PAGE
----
The first scone I ever ate came from the first batch I ever baked. It’s true. Up to that point, my appetite for morning treats was limited to the usual suspects: bagels, donuts, muffins, maybe the occasional croissant. Several years ago, when I was first learning to bake, I offered to bring some baked goods to a family brunch. I opened Williams-Sonoma’s Essentials of Baking and looked for the least intimidating recipe I could find. Scones looked like a reasonable challenge…once I discovered where to find currants at the grocery store. That first batch set a new personal standard, and it was made clear to me that henceforth the price of admission to any family brunch was at least one batch of scones.
Since then, I’ve become a bit of a scone snob. I don’t want any part of those sickly-sweet, glazed lumps they sell at certain coffee shops. I want something that is rich and buttery, slightly sweet, and just a bit dry and crumbly.
This is my recipe for a traditional cream scone. They have a tender crumb and not-too-sweet flavor that allows the lemon and butter to come through. I spent a few weeks working through several variations before I arrived at this recipe. While they are traditionally considered a breakfast treat, enjoy these anytime with a cup of coffee or tea.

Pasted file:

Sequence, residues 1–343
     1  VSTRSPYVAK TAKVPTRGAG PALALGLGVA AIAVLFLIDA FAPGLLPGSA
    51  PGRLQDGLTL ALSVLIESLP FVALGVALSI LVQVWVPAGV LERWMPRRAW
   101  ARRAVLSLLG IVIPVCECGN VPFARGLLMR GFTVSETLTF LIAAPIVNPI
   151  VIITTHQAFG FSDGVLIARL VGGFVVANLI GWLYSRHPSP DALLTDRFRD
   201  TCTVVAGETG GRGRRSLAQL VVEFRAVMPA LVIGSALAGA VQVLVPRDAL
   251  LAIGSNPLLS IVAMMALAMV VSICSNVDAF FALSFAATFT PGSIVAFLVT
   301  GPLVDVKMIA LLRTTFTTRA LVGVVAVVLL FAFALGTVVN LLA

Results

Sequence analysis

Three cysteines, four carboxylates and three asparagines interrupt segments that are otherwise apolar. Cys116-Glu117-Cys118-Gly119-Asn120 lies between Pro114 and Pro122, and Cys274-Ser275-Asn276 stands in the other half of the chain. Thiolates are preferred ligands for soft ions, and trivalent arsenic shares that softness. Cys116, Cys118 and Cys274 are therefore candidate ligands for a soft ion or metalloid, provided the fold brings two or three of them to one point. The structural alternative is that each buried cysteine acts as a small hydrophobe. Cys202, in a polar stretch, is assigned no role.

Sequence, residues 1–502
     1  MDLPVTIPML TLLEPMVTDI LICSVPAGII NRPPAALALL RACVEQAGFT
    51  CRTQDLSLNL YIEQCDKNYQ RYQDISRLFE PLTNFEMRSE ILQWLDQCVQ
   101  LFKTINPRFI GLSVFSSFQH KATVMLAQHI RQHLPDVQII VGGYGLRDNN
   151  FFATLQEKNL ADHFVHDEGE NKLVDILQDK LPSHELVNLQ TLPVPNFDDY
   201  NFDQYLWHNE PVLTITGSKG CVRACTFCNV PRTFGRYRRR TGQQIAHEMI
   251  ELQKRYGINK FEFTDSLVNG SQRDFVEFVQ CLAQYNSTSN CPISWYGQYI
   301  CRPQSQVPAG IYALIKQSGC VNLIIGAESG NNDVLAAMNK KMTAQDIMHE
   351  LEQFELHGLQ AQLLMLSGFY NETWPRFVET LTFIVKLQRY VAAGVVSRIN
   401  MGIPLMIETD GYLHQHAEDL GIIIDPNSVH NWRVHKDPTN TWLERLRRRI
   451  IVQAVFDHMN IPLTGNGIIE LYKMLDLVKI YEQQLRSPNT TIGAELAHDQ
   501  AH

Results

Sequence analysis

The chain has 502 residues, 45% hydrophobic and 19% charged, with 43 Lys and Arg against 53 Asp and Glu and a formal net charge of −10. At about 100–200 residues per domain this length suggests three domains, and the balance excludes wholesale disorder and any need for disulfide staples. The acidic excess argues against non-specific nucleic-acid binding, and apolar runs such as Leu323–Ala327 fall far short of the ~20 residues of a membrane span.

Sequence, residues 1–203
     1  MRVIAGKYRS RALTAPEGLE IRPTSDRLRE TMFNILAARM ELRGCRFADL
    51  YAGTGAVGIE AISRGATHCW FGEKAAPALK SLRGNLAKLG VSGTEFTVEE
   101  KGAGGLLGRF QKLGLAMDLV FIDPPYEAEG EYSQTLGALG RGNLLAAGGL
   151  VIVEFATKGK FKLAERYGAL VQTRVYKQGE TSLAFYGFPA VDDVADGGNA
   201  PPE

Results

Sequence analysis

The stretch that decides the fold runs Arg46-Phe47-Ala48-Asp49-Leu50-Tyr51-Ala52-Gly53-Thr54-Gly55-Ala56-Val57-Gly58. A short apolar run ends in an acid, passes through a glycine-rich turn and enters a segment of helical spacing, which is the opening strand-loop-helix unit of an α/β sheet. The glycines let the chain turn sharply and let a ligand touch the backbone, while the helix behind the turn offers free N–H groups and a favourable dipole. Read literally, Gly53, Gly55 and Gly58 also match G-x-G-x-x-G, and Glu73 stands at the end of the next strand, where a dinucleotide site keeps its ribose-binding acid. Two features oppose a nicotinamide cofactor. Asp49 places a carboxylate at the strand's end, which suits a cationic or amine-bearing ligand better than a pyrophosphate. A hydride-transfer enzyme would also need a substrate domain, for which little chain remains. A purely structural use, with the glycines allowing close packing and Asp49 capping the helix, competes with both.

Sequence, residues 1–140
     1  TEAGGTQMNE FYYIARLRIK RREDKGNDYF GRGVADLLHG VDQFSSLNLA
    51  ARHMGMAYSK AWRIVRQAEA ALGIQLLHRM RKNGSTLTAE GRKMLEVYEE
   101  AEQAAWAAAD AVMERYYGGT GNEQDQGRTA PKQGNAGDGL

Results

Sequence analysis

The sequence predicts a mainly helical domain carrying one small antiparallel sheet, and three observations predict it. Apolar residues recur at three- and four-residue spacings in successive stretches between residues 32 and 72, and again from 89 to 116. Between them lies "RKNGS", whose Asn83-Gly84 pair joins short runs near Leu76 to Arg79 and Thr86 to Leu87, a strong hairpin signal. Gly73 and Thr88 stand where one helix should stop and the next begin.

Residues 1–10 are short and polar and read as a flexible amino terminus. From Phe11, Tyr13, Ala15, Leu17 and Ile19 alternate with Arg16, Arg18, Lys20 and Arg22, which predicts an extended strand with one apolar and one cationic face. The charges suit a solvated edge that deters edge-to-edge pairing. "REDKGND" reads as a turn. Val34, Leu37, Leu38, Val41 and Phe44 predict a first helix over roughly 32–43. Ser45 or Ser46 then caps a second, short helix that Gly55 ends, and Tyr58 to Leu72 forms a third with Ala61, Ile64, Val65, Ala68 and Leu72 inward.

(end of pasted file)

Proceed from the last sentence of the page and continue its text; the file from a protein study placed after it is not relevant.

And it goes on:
It is always a good idea to read the recipe top to bottom before getting started.
- 3 cups (15 oz) all purpose flour
- ½ cup (4 oz) granulated sugar
- 1 tablespoon plus 1 teaspoon baking powder
- ½ teaspoon salt
- 3 teaspoons lemon zest
- ¾ cup (6 oz) cold unsalted butter, cut into ½ inch bits
- 1 cup heavy cream
- For Dusting: 2 tablespoons powdered (confectioner’s) sugar
- Preheat oven to 400 F. Move rack to the middle position.
- Line a cookie sheet or half-sheet pan with parchment paper or a silicone liner.
- Combine flour, sugar, baking powder, salt, and lemon zest in a large bowl. Stir to combine.
- Add the butter to the dry ingredients. Use a pastry blender to cut the butter into the dry ingredients until the mixture resembles large crumbs.
- Pour the cream over the mixture and mix with a rubber spatula until combined. Don’t over mix.
- Press the mixture into a solid mass and then turn it out on a lightly-floured work surface.
- Shape the dough into a square, roughly 7×7 inches. Cut the dough into 8 equal pieces: first cut along the diagonals, then then cut each triangle in half.
- Transfer the wedges to the baking sheet and space evenly.
- Bake for 15-17 minutes; until golden brown.
- Transfer to a wire rack to cool.
- Dust the cooled scones with powdered sugar (not too much). A fine-mesh sieve works well for this.
- Eat. Smile. Repeat.
Some Helpful Tips
If you are not familiar with the process of cutting butter into dry ingredients, be patient and go a little longer than you think is necessary.
Some recipes suggest using two knifes to cut butter into dry ingredients. I have no idea if this works, but it sounds like insanity to me. Spend $10 on pastry blender and never look back.
This is a relatively dry dough, which can make it frustrating to work with at first. To help: 1) make sure the butter is thoroughly cut into the dry ingredients, and 2) press the dough firmly into shape before cutting. If you’re still having trouble, you can increase the cream to 1 1/4 cups, but you’ll have to deal with a stickier dough and softer scone.
As always, use fresh, high-quality ingredients. This really does make a difference in the final product.